by Sawako Ariyoshi
translated from Japanese by Wakako Hironaka and Ann Siller Kostant
Published by Kodansha International Ltd.
source: borrowed from the library
In a nutshell:
This novel is based on the life of Dr. Hanaoka Seishu (1760-1835), the Japanese doctor who performed the first operation under general anesthesia, but focuses primarily on the relationship between his wife and mother.
After a string of long books, I was craving one that could be read in just a couple of sittings. The Doctor's Wife had been on hold for months (thanks to Mel's review), and my library came through just before the TBR Dare got started - a rare case of perfect timing.
As a young girl, Kae is mesmerized by the beauty of Dr. Hanoka's wife, Otsugi. Years later she is overjoyed when Otsugi selects her to be the bride of their eldest son. Umpei is away studying medicine but Kae, it seems, possesses all the qualities necessary for a doctor's wife.
"The first requirement is good health. Other essentials are courage, a strong will, and an understanding of the nature of the medical profession, although the woman may not know how to take a pulse... A confident, capable woman does not become alarmed at the sight of blood or serious infirmities. Instead, she cleans the wound..." (p. 16-17)A marriage ceremony takes place without the groom. Three years will pass before husband and wife finally meet. During that time, a close and loving relationship develops between Kae and her mother-in-law.
Otsugi spoke more softly. "I am called 'Mother' by you though you are not really my child. Yet I feel you are as dear to me as my own daughters. Our relationship has deep roots. It was probably decreed by fate." (p. 45)When Umpei eventually comes home to take over his father's practice, Kae and Otsugi's relationship becomes fraught with jealousy and deteriorates quickly.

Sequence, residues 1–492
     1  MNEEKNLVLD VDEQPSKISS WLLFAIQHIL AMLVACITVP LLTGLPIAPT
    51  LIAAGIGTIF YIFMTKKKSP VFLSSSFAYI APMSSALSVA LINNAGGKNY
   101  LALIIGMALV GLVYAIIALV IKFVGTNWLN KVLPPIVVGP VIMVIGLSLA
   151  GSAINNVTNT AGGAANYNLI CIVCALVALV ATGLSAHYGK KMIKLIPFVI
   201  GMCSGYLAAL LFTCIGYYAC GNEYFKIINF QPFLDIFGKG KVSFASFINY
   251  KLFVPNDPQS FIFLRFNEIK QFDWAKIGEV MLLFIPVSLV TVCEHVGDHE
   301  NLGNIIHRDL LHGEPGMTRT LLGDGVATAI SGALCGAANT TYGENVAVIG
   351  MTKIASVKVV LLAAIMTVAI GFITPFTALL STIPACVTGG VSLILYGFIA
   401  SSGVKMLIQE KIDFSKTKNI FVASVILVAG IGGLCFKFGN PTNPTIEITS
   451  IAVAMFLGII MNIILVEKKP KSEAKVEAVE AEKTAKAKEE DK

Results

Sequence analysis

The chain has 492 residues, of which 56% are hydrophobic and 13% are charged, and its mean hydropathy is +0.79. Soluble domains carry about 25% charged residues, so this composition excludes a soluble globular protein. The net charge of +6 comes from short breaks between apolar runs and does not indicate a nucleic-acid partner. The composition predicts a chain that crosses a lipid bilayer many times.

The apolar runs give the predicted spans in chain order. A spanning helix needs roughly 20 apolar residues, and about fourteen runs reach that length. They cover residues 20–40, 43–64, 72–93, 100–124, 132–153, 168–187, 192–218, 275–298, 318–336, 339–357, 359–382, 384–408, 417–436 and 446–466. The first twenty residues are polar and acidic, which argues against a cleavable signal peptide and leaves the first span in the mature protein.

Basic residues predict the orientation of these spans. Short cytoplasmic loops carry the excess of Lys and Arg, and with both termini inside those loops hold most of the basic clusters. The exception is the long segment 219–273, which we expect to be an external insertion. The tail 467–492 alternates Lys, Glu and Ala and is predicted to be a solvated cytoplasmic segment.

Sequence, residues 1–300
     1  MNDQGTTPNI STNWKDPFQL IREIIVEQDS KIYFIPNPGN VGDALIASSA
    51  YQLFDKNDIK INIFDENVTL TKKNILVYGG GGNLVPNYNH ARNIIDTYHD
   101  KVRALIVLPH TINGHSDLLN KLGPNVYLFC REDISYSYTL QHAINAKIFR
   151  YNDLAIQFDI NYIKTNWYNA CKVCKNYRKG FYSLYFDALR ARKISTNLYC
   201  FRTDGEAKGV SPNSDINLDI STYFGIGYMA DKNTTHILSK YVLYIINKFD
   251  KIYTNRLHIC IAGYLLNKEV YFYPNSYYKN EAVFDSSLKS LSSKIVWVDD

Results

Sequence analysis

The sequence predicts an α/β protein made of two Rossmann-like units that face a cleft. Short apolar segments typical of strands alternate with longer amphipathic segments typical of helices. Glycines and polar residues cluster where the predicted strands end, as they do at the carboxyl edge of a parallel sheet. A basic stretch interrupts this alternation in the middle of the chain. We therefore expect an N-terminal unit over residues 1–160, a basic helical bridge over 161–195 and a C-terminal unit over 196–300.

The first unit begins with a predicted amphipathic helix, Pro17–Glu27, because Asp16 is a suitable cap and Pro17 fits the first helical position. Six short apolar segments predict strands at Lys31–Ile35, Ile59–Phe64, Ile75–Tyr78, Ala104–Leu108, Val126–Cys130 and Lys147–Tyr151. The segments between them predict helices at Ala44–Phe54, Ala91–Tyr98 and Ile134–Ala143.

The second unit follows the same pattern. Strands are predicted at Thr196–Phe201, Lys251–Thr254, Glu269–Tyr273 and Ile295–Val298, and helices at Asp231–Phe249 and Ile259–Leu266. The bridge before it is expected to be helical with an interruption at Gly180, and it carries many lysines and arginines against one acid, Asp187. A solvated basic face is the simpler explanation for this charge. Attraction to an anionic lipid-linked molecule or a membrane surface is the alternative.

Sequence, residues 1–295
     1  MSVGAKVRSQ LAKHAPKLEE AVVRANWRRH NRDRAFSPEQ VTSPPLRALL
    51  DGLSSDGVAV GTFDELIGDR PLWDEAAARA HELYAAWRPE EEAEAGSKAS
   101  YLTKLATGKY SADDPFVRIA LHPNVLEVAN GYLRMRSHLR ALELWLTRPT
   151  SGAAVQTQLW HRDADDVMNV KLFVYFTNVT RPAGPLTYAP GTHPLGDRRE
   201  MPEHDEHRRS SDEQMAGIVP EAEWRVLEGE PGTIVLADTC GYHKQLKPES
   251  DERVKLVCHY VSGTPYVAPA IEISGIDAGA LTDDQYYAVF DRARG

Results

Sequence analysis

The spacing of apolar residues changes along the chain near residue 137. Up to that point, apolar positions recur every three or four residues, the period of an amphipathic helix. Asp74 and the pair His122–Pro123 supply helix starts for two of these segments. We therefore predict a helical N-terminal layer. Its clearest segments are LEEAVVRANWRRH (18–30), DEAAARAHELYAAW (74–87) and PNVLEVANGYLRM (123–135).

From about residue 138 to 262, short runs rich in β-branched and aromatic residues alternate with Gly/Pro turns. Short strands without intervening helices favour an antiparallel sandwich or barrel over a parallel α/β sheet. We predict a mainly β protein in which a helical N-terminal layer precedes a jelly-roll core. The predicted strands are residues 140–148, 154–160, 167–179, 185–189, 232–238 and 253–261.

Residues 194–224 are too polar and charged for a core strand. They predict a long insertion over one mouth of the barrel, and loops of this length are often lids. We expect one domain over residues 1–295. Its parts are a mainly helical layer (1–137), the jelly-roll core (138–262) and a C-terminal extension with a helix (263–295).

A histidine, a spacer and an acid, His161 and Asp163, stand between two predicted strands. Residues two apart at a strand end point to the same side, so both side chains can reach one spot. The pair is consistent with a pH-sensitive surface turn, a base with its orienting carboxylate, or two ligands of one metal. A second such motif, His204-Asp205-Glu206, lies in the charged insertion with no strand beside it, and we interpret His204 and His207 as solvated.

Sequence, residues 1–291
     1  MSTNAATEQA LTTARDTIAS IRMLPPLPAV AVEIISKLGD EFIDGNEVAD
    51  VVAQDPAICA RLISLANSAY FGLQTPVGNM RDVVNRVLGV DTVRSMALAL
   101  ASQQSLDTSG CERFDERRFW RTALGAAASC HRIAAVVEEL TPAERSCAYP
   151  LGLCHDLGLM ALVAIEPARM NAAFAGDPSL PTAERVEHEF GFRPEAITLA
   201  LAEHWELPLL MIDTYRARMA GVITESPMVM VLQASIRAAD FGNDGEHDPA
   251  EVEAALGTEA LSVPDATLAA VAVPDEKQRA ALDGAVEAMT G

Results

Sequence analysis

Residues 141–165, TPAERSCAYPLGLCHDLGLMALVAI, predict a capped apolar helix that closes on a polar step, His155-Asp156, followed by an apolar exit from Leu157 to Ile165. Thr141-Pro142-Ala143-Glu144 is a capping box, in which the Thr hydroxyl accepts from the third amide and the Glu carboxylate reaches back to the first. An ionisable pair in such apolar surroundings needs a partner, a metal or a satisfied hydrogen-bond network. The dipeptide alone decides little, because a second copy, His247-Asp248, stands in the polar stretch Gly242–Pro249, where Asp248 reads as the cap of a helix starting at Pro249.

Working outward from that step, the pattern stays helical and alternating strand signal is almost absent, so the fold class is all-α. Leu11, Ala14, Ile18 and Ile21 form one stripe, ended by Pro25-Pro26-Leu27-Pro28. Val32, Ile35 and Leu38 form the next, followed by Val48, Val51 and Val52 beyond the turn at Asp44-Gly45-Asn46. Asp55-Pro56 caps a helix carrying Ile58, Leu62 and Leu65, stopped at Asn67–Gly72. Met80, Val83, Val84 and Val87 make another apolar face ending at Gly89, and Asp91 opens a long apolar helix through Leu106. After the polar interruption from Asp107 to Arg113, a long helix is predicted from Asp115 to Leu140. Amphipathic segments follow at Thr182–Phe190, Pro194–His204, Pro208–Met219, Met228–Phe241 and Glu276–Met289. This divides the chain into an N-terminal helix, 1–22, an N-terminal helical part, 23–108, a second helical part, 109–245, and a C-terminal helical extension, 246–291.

"Otsugi's action, which prevented her son from being with his wife, may not have been deliberate. Yet it expressed an undeniable antagonism toward her daughter-in-law. So it came to pass that the beautiful intimacy between the two - the bride and the mother-in-law who had sought her - terminated upon the arrival of the loved one they had to share." (p.58)Umpei (also called Seishu) is intrigued with surgery, especially breast surgery. Common belief held that a woman's breasts were vital to life and pain associated with surgery would result in death. Umpei experiments with anesthesia on animals, and is eventually ready to try his new medicine on humans.
The novel gets very interesting as Kae and Otsugi vie to become the first human subjects, thus proving their greater love for Umpei. There is an especially hilarious dialog with each one-upping the other listing reasons why she should be chosen. Both women, however, are actually afraid the medicine will kill them.
I won't spoil things by telling you who gets to be the 'guinea pig' or the outcome of the clinical trials. It's certainly worth reading this short book to find out. The prose is simple and straight forward, at times even beautiful. The women's relationship takes center stage, but the book is also an interesting look at male-oriented family life and the 'business' of medicine in Japan in the early 1800's.
A short, enjoyable novel, that offers an interesting look at medicine and female relationships in a male-oriented Japanese family.